Ionic solids whose dissociation in water free up ions carrying the electrical current in solution / From Wikipedia, the free encyclopedia
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An electrolyte is a medium containing ions that is electrically conducting through the movement of those ions, but not conducting electrons. This includes most soluble salts, acids, and bases dissolved in a polar solvent, such as water. Upon dissolving, the substance separates into cations and anions, which disperse uniformly throughout the solvent. Solid-state electrolytes also exist. In medicine and sometimes in chemistry, the term electrolyte refers to the substance that is dissolved.
Electrically, such a solution is neutral. If an electric potential is applied to such a solution, the cations of the solution are drawn to the electrode that has an abundance of electrons, while the anions are drawn to the electrode that has a deficit of electrons. The movement of anions and cations in opposite directions within the solution amounts to a current. Some gases, such as hydrogen chloride (HCl), under conditions of high temperature or low pressure can also function as electrolytes.[clarification needed] Electrolyte solutions can also result from the dissolution of some biological (e.g., DNA, polypeptides) or synthetic polymers (e.g., polystyrene sulfonate), termed "polyelectrolytes", which contain charged functional groups. A substance that dissociates into ions in solution or in the melt acquires the capacity to conduct electricity. Sodium, potassium, chloride, calcium, magnesium, and phosphate in a liquid phase are examples of electrolytes.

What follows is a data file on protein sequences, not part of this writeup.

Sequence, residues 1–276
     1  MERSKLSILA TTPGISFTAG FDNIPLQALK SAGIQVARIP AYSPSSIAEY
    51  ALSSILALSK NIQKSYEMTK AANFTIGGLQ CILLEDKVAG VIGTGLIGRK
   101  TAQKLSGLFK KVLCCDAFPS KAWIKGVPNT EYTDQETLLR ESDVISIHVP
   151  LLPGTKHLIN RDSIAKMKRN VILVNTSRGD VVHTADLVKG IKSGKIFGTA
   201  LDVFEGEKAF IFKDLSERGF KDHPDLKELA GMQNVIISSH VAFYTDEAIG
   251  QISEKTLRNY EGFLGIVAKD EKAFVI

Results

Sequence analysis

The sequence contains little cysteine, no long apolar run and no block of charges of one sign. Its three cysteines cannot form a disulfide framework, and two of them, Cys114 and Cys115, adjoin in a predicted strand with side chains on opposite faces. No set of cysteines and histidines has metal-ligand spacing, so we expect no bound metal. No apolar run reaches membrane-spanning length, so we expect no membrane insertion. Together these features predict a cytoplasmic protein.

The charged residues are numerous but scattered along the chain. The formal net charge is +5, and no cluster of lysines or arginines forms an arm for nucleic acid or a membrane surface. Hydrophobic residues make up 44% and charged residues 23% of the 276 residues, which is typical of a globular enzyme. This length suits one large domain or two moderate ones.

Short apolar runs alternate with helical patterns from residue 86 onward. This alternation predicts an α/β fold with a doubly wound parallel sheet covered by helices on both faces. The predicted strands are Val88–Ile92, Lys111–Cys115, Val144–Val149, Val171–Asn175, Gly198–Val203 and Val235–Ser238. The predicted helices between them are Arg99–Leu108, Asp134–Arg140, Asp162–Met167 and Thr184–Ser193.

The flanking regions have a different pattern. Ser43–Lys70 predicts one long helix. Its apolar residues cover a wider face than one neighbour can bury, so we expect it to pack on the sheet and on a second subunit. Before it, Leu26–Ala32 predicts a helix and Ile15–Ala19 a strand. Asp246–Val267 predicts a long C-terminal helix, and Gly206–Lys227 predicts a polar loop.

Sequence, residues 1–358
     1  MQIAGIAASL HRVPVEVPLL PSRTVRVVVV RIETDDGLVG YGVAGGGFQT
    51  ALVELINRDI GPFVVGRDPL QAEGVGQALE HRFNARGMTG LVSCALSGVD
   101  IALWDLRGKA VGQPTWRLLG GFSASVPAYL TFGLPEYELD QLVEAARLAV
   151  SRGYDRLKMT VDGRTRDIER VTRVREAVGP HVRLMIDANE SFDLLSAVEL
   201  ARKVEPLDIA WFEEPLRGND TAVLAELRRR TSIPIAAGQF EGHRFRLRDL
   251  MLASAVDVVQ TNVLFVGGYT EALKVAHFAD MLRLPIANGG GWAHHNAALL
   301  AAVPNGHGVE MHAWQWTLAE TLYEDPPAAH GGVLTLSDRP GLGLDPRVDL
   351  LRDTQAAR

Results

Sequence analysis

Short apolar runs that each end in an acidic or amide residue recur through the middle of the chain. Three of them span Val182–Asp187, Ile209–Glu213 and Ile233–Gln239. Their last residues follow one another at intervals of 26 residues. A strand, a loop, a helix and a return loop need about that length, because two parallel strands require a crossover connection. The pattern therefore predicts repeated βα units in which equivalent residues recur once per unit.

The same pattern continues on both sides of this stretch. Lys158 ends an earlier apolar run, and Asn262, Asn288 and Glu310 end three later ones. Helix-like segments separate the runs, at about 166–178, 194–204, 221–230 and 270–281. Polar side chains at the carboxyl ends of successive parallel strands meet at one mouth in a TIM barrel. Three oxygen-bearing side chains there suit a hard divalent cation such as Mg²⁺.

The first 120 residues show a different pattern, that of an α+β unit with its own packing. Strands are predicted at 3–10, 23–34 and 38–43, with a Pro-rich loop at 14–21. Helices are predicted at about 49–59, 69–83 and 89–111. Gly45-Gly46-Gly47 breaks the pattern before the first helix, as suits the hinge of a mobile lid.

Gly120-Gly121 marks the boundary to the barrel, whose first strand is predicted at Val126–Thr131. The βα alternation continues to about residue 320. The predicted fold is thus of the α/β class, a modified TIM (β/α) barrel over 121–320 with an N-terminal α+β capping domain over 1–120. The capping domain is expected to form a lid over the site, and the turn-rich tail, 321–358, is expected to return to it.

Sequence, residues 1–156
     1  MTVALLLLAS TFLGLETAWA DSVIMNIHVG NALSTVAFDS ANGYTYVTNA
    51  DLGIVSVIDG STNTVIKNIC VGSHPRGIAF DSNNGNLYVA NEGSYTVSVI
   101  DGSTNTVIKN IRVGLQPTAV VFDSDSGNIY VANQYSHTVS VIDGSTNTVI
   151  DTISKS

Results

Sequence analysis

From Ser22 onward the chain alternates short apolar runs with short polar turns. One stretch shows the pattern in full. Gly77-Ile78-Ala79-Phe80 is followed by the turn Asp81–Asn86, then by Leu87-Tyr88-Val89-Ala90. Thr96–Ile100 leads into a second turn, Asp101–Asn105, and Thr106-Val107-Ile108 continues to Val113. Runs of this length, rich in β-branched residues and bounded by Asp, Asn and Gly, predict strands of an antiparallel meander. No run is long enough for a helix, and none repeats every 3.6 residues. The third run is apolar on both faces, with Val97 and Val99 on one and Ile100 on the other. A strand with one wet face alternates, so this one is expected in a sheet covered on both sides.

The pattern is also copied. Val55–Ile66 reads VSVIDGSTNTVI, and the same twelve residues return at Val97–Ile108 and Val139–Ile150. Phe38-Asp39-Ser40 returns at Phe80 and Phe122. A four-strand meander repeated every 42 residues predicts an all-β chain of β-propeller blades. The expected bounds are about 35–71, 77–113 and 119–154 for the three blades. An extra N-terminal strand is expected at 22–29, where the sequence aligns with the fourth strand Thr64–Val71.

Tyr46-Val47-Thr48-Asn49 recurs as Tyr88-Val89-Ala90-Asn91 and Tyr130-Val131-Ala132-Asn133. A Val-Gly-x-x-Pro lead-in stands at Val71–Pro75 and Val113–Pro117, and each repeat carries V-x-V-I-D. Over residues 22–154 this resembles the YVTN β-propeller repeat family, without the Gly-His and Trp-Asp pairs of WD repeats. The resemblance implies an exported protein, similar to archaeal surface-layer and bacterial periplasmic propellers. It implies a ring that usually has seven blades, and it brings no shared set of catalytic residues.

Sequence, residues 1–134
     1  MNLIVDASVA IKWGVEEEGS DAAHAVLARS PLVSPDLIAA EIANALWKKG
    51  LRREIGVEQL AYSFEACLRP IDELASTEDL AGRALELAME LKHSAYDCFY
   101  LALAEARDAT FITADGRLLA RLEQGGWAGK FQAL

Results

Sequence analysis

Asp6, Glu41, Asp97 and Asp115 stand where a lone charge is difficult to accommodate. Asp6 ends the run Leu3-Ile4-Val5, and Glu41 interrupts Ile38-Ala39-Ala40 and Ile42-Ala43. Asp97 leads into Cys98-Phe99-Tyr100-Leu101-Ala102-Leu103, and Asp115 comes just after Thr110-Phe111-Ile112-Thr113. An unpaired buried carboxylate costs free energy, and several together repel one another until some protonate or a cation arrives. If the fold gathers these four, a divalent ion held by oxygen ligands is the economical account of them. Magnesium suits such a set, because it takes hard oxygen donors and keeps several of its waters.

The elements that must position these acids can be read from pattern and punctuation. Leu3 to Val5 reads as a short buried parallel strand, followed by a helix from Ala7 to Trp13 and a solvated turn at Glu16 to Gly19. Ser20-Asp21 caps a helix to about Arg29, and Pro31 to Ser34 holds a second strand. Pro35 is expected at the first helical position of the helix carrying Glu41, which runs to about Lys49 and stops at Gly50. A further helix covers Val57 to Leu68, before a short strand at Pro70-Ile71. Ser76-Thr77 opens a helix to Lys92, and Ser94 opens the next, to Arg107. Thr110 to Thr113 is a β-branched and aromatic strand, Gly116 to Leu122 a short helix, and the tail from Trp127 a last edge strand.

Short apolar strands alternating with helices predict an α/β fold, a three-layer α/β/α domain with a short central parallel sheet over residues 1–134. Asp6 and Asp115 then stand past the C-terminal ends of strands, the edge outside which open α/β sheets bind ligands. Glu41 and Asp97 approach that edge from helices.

In medicine, electrolyte replacement is needed when a person has prolonged vomiting or diarrhea, and as a response to sweating due to strenuous athletic activity. Commercial electrolyte solutions are available, particularly for sick children (such as oral rehydration solution, Suero Oral, or Pedialyte) and athletes (sports drinks). Electrolyte monitoring is important in the treatment of anorexia and bulimia.
In science, electrolytes are one of the main components of electrochemical cells.
In clinical medicine, mentions of electrolytes usually refer metonymically to the ions, and (especially) to their concentrations (in blood, serum, urine, or other fluids). Thus, mentions of electrolyte levels usually refer to the various ion concentrations, not to the fluid volumes.